- Economic Models: Emphasize innovative economic models that integrate social, environmental, and economic factors.
- Information Balance: Adopt a two-layered approach for filtering complex data into actionable insights. Layer 1 is a repository of all necessary information, while Layer 2 focuses on specific use cases like facility services.
- Human-Machine Interaction: Create tools that facilitate seamless collaboration between humans and machines.
- Holistic Approach: Consider the interplay between people, processes, systems, and Life Cycle Data Management (LCDM).
- Simulation: Use simulations for design optimization, risk reduction, and process improvement.
- Interoperability: Prioritize system compatibility and continuous optimization in project operations with open data standards.
- Data Models: Use comprehensive building lifecycle data models for better decision-making and resource allocation.
- Adaptability: Prepare for emerging technologies and trends.
The Chronology of Session 2
We asked ChatGPT to Generate Code
If generative AI can lead the real estate and building industry to an interoperable BIM, this journey will take place in stages, each operating at different levels of communication: at the human-to-human level assemble the various industry players, at the human-to-machine level whenever a human interacts with generative AI, and then at the machine-to-machine level, which is our ultimate goal. In the future, as we envision it, data should be able to interact and communicate seamlessly across most processes and systems.
This conviction led us to engage in a subsequent work session in which we used ChatGPT to explore its ability to produce machine-readable results. We aimed to identify a practical scenario in which generative AI could facilitate the transition between natural and machine-readable language.
Asking ChatGPT to write a Python script
Again, we started with a simple natural language prompt, asking ChatGPT to write a code to read data from IFC files with a given data processing system and considering that we would deploy it on a specified data analytics platform (Figure E). Specifically, we wanted a Python script to read data from binary IFC files with external library IfcOpenShell, structure and store it with Spark within Azure Data Lake Storage. For subsequent evaluation according to the Swiss standards SIA416 we wanted to use Azure Databricks Data Lab Service and provide API Endpoint for external analytics like PowerBi dashboards etc. The AI generated code, but the lack of consistency and quality in the output caused us to rethink our approach. We decided to provide more context within the prompt to improve the quality, focusing on factors such as the persona requesting the code, the data sources, the expected output, and required business specifications.
Deconstruct complexity with chain-of-thought and tree-of-thought prompting
One of our IT experts suggested using chain-of-thought and tree-of-thought prompting techniques. These approaches would facilitate breaking down complex problems into manageable steps, which is crucial to achieving effective solutions through AI.
Chain-of-thought prompting breaks down complex problems into simpler, intermediate steps, enhancing the cognitive capabilities of an AI model and increasing the accuracy of the result. It recognizes that inherently complex programming can be broken down into manageable components (Figure F).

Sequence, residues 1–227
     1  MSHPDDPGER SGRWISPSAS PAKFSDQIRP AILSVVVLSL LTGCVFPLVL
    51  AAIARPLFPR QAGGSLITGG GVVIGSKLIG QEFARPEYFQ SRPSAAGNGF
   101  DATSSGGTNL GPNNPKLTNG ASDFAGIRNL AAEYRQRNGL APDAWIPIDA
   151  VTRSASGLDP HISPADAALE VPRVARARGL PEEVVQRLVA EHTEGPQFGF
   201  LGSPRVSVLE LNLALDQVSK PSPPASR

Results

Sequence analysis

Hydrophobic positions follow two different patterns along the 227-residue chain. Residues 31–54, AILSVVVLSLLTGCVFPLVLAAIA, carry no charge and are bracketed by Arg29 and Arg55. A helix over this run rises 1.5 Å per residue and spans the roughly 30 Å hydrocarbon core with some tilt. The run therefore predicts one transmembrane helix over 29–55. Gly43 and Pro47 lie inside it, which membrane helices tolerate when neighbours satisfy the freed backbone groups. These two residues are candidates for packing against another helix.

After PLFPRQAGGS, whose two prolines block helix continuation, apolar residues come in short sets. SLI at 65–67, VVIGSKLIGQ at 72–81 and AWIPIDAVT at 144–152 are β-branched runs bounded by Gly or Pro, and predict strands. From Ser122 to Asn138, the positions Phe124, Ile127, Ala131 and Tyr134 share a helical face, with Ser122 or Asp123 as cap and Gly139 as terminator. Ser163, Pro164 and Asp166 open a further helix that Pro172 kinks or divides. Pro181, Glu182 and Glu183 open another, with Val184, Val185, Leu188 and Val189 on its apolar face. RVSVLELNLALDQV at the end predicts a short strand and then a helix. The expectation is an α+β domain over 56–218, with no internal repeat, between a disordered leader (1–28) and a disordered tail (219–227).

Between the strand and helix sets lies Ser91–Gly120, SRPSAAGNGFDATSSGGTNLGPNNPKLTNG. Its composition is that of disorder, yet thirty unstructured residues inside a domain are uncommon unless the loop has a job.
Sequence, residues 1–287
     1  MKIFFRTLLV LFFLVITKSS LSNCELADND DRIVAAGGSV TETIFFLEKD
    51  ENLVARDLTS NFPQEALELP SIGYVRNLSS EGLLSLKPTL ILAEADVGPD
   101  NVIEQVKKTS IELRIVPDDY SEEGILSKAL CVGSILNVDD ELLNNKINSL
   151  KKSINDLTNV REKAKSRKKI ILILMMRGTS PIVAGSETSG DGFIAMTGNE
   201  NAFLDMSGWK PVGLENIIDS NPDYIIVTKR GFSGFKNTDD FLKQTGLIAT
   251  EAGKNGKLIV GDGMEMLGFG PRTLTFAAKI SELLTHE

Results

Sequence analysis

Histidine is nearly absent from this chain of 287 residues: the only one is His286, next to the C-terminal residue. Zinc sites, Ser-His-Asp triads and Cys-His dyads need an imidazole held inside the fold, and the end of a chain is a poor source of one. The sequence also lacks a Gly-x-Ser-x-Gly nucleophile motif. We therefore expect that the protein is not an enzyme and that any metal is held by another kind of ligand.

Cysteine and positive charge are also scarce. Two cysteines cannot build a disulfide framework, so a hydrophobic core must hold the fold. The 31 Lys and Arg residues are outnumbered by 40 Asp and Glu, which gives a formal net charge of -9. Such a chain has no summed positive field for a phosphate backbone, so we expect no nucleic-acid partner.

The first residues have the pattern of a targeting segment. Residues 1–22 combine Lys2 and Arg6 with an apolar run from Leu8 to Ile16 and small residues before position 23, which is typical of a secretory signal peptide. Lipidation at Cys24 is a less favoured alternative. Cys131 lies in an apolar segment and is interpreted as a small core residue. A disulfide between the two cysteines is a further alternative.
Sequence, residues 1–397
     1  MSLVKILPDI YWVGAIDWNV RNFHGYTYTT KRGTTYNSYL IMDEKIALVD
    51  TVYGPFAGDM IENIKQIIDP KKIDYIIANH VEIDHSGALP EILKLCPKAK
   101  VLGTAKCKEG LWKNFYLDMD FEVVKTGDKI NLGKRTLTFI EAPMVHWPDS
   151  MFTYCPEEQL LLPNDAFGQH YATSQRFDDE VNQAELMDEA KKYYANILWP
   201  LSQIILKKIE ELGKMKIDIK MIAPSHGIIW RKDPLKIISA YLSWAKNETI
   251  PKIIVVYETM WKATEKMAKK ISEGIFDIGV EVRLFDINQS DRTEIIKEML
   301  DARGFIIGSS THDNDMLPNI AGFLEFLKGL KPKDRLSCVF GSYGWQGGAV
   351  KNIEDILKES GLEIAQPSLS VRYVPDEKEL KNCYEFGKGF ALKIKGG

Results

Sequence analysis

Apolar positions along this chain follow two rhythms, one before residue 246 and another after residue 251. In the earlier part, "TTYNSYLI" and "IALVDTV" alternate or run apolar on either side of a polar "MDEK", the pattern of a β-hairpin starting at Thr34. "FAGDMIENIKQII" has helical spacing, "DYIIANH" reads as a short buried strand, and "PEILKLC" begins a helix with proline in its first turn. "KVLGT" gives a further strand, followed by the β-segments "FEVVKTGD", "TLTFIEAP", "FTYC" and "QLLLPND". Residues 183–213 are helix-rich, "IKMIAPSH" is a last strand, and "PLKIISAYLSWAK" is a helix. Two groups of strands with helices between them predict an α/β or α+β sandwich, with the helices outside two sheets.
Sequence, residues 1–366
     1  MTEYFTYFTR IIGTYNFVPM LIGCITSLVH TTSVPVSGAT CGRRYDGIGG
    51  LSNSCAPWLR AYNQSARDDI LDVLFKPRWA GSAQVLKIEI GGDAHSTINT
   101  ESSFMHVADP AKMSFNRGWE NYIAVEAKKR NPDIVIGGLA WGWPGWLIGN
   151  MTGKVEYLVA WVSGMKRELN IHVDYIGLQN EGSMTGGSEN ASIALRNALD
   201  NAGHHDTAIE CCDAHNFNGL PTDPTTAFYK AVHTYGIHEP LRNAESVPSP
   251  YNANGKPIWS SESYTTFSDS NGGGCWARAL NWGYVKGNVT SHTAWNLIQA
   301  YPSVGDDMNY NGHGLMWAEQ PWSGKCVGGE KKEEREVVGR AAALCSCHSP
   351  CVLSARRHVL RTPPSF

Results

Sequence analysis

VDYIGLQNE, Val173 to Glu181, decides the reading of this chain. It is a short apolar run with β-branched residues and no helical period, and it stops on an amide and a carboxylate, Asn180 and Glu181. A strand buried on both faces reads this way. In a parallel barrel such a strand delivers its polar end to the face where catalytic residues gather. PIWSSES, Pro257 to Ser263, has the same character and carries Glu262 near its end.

Conversely, the tree-of-thought approach acknowledges that thoughts do not follow a strictly linear progression. Instead, they branch out, like a tree, from an original idea or root into various related but distinct concepts. The technique mirrors this cognitive process, including stages of brainstorming, evaluation, expansion, and decision-making stages. Following this model, the AI generates multiple solutions, evaluates them, refines the proposals, and selects the most effective solution (Figure G).
Figures Session 2
The Outcome of Session 2
The Process of Result Validation
A current challenge with AI is the diversity of responses generated from identical prompts. To improve the resulting quality, we further refined the context. We provided ChatGPT with an example of the desired JSON model, including any specific standards we needed to adhere to within the prompt.
Through this process over several rounds of iteration, with built-in and ongoing validation and selection of the most appropriate result, we aimed to refine our result to an optimal level. Ultimately, we expected to arrive at a highly valued answer or response. However, to ensure code quality, programming unit testing remains essential. Before deploying a solution, we would need to build a test environment to validate our results, effectively confirming the soundness of our validation process.
Looking back at the beginning of this session, we started with a simple natural language prompt to create this Python code. A few hours later, we find ourselves with a sophisticated chain-of-thought and tree-of-thought model that utilizes this reasoning process to generate a clear and robust response. By handing over the responsibility of output reflection to the machine, we can make the process more accessible and efficient. This is an achievement we find truly remarkable.
- Identification of Human Request / Business Need
- Transformation of the identified human request or business need into an initial data model
- Refinement of the data model by examination and potential integration of prebuilt models or code snippets